Yes. This is Jim Hilger. We've had some tax preference items in 2013 that won't be reported -- or repeated in '14, accelerated depreciation being the most notable one.

Operator

Your next question comes from the line of Margaret Kaczor from William Blair.

Margaret Kaczor - William Blair & Company L.L.C., Research Division

First, just to get back to exchanges. How many exchanges have you guys decided to participate in versus not participate? And kind of what drove that decision? Was it pricing or was it something else?

Kent J. Thiry

I don't know the number and I don't know that we've tracked. Because in general, any exchange that's willing to pay our normal commercial rates, we sign up for; and those that don't, we don't. So it's been a pretty simple decision filter and I don't know that anybody's added them up.

Margaret Kaczor - William Blair & Company L.L.C., Research Division

Do you know if anyone actually accepted the kind of the lower rate contracts or any of the private guys or kind of the smaller guys?

Kent J. Thiry

I'm sure that some people have and we have no way of knowing how many. But given we're all in the same situation where the 10% of our patients that are private subsidize the 90% that are government, there are limits to how much of that you can do before you put your entire survival at risk. So I'm sure the answer is yes and only time will tell how many it was.

Margaret Kaczor - William Blair & Company L.L.C., Research Division

Okay. And then could you guys talk a little bit more about HCP acquisition targets. In the past, you've kind of talked about kind of a 2- to 3-year time horizon as the result starts to materialize. Is that still accurate? And then also, can you talk about the acquisition candidates that you've done diligence on? How many was that? Why wouldn't things pan out there? Or is it just you guys are overloaded right now in the Q, with people interested in acquiring -- in getting acquired?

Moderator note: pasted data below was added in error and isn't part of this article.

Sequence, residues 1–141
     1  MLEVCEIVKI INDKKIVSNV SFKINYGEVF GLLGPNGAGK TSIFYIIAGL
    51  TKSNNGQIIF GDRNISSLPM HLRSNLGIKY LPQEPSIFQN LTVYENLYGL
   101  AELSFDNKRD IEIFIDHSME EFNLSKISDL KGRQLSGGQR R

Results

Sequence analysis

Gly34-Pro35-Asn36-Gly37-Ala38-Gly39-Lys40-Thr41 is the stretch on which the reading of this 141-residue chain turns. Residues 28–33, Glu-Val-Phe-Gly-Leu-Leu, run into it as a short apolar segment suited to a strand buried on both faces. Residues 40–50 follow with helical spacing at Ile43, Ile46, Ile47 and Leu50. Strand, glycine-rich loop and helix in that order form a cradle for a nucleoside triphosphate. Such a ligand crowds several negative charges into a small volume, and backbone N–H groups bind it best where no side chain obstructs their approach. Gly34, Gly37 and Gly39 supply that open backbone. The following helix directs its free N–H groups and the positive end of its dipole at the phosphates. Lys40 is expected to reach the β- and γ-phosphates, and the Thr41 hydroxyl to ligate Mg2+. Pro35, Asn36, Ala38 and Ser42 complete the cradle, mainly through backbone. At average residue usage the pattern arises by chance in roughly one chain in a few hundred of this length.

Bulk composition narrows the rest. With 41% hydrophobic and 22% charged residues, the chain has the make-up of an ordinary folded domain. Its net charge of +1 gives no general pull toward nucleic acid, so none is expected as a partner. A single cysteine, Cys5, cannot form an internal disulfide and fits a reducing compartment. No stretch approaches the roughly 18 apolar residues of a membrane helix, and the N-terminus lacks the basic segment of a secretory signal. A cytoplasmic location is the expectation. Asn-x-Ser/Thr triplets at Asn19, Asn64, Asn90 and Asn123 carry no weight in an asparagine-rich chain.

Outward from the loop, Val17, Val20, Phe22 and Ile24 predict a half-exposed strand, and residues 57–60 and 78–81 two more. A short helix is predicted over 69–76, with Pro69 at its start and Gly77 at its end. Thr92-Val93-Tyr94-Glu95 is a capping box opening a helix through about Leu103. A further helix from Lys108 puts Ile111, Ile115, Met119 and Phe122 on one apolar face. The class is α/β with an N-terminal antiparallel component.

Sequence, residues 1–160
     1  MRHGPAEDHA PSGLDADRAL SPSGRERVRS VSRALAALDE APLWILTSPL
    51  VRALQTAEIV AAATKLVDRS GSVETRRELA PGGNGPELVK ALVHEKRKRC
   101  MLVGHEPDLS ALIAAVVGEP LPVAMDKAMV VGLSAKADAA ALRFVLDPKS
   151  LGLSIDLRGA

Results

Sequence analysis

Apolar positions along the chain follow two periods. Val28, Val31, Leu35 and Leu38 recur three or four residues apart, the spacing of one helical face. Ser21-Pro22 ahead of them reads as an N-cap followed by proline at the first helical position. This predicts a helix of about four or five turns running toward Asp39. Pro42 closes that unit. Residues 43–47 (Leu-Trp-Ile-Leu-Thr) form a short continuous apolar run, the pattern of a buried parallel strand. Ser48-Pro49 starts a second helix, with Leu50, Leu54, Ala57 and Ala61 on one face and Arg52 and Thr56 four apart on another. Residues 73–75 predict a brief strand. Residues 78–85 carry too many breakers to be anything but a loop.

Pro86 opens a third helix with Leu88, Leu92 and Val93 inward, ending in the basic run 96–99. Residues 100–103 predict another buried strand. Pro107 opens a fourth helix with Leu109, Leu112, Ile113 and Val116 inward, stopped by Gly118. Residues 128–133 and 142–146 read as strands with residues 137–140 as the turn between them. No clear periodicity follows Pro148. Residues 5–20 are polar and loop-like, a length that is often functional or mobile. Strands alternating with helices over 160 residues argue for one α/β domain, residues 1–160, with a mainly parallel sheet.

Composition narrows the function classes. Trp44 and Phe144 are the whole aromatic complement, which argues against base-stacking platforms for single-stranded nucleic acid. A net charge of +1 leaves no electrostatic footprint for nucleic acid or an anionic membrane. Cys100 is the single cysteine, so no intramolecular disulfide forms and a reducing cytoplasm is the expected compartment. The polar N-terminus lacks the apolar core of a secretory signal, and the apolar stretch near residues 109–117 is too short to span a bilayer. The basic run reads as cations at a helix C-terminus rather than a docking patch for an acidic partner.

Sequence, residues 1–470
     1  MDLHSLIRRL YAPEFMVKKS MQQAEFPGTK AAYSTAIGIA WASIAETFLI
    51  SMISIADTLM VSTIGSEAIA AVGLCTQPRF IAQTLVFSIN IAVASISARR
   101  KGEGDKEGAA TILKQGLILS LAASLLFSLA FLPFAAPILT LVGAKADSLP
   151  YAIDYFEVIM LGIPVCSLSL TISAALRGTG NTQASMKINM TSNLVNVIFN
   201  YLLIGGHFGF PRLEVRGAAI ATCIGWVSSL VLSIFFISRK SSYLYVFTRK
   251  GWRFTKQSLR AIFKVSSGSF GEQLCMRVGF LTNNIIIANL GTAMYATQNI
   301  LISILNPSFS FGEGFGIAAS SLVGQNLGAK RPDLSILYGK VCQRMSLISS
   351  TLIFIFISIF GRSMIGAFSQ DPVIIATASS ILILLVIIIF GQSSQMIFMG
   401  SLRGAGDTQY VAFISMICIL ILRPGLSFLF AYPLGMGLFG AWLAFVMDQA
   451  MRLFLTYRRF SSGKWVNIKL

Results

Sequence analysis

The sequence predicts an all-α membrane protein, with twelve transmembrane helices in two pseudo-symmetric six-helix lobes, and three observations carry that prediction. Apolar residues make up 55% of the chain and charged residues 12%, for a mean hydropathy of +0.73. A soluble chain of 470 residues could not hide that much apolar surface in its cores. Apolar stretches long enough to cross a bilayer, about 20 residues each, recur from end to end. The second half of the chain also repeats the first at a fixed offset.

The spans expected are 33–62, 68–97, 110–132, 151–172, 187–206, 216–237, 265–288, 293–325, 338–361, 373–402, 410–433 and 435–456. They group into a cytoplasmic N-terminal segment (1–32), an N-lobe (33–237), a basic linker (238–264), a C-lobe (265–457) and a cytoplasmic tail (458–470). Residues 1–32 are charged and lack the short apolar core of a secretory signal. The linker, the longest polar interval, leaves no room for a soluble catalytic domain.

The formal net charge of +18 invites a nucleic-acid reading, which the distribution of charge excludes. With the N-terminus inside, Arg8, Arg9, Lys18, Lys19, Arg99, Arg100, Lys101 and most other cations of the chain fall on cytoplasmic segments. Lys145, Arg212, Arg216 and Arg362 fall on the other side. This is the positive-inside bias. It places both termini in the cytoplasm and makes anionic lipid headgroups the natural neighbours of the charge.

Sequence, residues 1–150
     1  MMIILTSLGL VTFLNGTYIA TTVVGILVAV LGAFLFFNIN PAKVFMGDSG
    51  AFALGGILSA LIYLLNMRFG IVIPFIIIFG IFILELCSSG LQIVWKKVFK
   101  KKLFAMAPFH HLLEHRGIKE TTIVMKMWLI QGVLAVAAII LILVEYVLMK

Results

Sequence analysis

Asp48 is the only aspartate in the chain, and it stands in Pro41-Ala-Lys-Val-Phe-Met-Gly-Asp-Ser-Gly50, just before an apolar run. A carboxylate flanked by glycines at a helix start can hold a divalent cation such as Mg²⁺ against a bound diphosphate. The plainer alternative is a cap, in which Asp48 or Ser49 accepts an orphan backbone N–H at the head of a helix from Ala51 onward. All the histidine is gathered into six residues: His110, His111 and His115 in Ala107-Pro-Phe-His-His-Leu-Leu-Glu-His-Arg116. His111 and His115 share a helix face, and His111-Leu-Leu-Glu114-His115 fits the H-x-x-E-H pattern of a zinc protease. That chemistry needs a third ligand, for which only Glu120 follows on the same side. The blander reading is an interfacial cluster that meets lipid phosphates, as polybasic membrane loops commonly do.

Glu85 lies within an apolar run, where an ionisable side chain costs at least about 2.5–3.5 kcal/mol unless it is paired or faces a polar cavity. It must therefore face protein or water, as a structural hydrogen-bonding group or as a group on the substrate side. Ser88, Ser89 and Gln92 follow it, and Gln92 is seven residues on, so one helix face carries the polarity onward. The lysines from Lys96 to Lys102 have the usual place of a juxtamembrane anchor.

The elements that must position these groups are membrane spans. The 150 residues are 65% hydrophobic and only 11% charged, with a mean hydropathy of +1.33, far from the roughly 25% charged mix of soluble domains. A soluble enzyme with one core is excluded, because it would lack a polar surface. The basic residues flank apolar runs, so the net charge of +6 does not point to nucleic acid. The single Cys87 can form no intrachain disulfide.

Kent J. Thiry

Let me take a quick stab and we'll see then if Craig or Bob want to amend. With respect to organic growth in patient numbers, that's where there's a time lag as we work to familiarize ourselves to the patient's condition and provide coordinated care and, as we succeed in doing so, bringing down the cost of that care through better health. So that's one of the references to the 2- and 3-year time frame that you mentioned. When we buy something, if, in fact, it has a mature Medicare Advantage population that it's been working with, then there could be profits immediately and, of course, we would be paying a multiple for that. And then as to the pipeline of M&A opportunities, it is -- there is one. It is so impossible to predict with any accuracy which organizations will, in fact, decide to sell and whether or not we'll be the winning bidder that helping you do a better job of forecasting is unfortunately not something we're able to do. And we've also mentioned in the past how we had to build a business development capability pretty much from scratch with respect to new markets, that we were necessarily going to be a little awkward and slow in the early going and we're making some good progress. But that certainly has slowed us down. Have I covered it, Margaret?